RERA: An Act Out of Balance

“Comprehensive” is a term recently heard in connection with the Real Estate Regulation and Development Act, known as RERA. Its supporters claim that it will usher in an era of transparency and offer property buyers a set of protections that have long been wished for. At first glance, the Act does appear promising, with features such as simplified measurements of square footage, mandatory disclosure of information, and legal recourse for buyers left in the lurch by delays or substandard workmanship. But scratch beneath the surface, and RERA is not all that it seems. More precisely, this set of measures is likely to lead to unfortunate consequences because the legislation—rather than being holistic in nature—was drafted without the full context of industry dynamics.

To boil the problem down to its essence, RERA presupposes a hyper-efficient market: one in which project implementation runs without a hitch every time, cash crunches are uncommon, and there is no inherent variability with respect to outcomes. This presupposition is not rooted in reality.

No one likes to think of a skyline blighted with unfinished high-rises (as already found in parts of Mumbai), but this can be expected to become a more common sight. One of the most visible consequences of RERA will be a surge in the number of distressed properties. The legislation will both contribute to the cause of the trouble and render the developments impossible to rescue. Cash-strapped developers will be forbidden to raise funds by selling pre-launch properties or units in later phases for which registration is pending, yet will struggle to meet the interest requirements for external financing. The resulting quagmire will be reflected in suspended projects.

Besides causing an increase in distressed developments, RERA will negatively impact property buyers and investors in the ways described below.

  • Higher property prices: It is a generally accepted rule of economics that stricter regulations increase costs. For developers, this will mean a heightened need for institutional financing. This situation will ultimately raise property prices in two ways: 1) the higher expenses—including cost of capital— will be passed along to homebuyers, and 2) smaller developers who lack access to institutional funding will drop out of the market, meaning less competition among developers and therefore higher prices for end buyers. When considering how these factors will increase property prices, one can argue that Act is at odds with the government’s expressed intent to promote affordable housing.
  • Disjointed communities: A rather bizarre—and almost certainly unintended—side effect of RERA is that it will incentive builders to split up developments into microprojects. For illustrative purposes, let’s imagine plans for a new apartment community comprised of five residential buildings and one recreational center. To minimize the potential penalties of violating RERA (which, as discussed earlier, may be the result of government inefficiencies rather than flawed business practices), the developer redraws this community on paper so that each building is a standalone development.
    This is a rational move by the builder, as it minimizes financial risk, but creates an absolute mess for the homebuyer since the “common” recreational center may technically not be part of the same development—even if it is just a few steps away from the apartment building. While the developer may very well aim to create a workable solution in which people living in any of the five apartment buildings can use the sports facilities, it would not be compelled by law to do so. It is hard to imagine a scenario in which this lack of legal protection would benefit owners and residents.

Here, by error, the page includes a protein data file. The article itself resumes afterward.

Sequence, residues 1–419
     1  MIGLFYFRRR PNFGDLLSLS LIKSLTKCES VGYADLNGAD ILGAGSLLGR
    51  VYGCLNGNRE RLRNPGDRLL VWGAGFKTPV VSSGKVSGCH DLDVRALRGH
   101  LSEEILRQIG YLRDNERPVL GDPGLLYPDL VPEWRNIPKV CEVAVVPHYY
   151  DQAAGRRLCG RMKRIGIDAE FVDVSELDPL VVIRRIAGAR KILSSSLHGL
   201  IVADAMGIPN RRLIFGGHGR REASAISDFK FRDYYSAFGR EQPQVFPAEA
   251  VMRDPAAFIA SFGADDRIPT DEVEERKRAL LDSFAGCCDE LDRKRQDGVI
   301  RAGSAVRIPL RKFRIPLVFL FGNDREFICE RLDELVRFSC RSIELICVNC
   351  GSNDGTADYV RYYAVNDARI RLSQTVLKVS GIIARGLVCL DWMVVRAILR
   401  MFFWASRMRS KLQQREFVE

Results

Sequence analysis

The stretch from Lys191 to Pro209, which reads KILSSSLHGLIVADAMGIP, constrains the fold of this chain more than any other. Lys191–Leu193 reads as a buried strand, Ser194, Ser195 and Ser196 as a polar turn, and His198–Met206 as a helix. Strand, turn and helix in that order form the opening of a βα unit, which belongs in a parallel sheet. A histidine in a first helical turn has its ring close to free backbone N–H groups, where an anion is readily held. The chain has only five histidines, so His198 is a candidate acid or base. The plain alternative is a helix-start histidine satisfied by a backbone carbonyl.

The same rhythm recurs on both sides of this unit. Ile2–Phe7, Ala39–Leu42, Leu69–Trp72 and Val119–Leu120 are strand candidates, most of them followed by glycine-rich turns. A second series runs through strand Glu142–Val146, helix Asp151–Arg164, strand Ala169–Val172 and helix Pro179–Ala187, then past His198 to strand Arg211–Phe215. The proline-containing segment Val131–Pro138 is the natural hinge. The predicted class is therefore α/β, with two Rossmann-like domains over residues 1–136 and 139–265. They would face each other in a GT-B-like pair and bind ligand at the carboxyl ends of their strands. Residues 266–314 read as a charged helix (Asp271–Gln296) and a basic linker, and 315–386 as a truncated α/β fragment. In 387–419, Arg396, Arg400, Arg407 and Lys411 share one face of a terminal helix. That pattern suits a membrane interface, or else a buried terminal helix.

• Less innovation: Yet another unforeseen consequence of RERA will be a stifling of aesthetic and functional creativity. Let’s say, for example, that a developer imagines an ingenious architectural design for a clubhouse or an experimental solution to water management. RERA, regrettably, will dissuade this. Since fresh ideas tend to take longer to implement, developers will find it safer to copy-and-paste previous designs (instead of improving upon them or rethinking them altogether) and thus avert the risk of costly penalties.

And as if these shortcomings were not enough, the Act contains loopholes big enough to drive a cement truck through. For example, since the cost of land – which is used by RERA to determine the amount that can be pulled from the escrow account – is not fixed, a developer who wants to access funds earlier than warranted can quietly inflate the value of land.

While the overall intent of RERA is praiseworthy—promoting accountability is a good thing, after all—the legislation lacks the painstaking thoroughness and contextual understanding that are the hallmarks of true reform. At best, RERA will offer a partial solution to pain caused by the industry’s less scrupulous players; at worst, it will escalate property prices, dampen competition, balkanize projects, and hamper innovation while netting little extra security for homebuyers—not to mention leaving skylines blotted with unfinished projects.

Those with limited enthusiasm for RERA can hope for follow-up legislation that is genuinely comprehensive and beneficial. The curtain on RERA has not yet been raised, but we are already clearly in need of Act Two.

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